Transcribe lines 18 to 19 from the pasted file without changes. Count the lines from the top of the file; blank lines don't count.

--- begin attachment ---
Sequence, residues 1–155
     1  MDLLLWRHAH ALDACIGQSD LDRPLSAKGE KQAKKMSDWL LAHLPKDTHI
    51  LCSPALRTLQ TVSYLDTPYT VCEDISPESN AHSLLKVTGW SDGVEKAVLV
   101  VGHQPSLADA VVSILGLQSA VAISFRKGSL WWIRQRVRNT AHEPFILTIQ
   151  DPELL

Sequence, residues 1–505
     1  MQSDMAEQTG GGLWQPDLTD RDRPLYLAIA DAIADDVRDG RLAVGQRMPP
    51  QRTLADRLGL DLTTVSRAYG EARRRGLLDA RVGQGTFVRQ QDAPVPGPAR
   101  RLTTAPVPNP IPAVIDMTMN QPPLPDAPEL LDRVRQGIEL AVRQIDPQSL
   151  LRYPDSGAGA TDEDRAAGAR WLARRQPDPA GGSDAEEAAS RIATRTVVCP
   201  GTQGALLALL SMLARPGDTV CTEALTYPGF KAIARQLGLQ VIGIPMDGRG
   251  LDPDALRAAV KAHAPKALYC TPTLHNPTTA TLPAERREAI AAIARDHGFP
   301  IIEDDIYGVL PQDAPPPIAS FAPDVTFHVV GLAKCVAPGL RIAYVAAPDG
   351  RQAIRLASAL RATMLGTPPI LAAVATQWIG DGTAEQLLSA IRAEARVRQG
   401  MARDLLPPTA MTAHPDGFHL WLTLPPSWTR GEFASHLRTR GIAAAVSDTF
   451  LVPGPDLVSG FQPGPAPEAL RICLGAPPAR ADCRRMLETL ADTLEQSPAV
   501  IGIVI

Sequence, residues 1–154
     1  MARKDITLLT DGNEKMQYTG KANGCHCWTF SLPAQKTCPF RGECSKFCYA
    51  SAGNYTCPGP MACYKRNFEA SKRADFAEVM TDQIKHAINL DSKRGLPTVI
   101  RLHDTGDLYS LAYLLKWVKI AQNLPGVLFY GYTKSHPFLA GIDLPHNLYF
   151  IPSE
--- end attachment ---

Sequence, residues 1–154
     1  MARKDITLLT DGNEKMQYTG KANGCHCWTF SLPAQKTCPF RGECSKFCYA